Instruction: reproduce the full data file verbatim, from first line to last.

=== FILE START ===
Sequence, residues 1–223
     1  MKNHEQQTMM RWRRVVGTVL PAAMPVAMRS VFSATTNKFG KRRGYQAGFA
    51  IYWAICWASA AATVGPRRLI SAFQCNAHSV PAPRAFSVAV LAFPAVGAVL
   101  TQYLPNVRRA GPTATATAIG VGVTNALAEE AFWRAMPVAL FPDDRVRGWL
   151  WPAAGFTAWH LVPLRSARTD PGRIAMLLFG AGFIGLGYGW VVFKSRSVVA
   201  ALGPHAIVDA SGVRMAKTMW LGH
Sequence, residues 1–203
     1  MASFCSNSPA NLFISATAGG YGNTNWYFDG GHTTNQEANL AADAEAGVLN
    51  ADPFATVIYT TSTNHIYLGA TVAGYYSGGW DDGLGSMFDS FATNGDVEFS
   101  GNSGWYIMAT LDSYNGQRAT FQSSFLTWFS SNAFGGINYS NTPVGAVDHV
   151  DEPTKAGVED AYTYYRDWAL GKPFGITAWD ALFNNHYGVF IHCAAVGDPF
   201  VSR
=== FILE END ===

Sequence, residues 1–223
     1  MKNHEQQTMM RWRRVVGTVL PAAMPVAMRS VFSATTNKFG KRRGYQAGFA
    51  IYWAICWASA AATVGPRRLI SAFQCNAHSV PAPRAFSVAV LAFPAVGAVL
   101  TQYLPNVRRA GPTATATAIG VGVTNALAEE AFWRAMPVAL FPDDRVRGWL
   151  WPAAGFTAWH LVPLRSARTD PGRIAMLLFG AGFIGLGYGW VVFKSRSVVA
   201  ALGPHAIVDA SGVRMAKTMW LGH
Sequence, residues 1–203
     1  MASFCSNSPA NLFISATAGG YGNTNWYFDG GHTTNQEANL AADAEAGVLN
    51  ADPFATVIYT TSTNHIYLGA TVAGYYSGGW DDGLGSMFDS FATNGDVEFS
   101  GNSGWYIMAT LDSYNGQRAT FQSSFLTWFS SNAFGGINYS NTPVGAVDHV
   151  DEPTKAGVED AYTYYRDWAL GKPFGITAWD ALFNNHYGVF IHCAAVGDPF
   201  VSR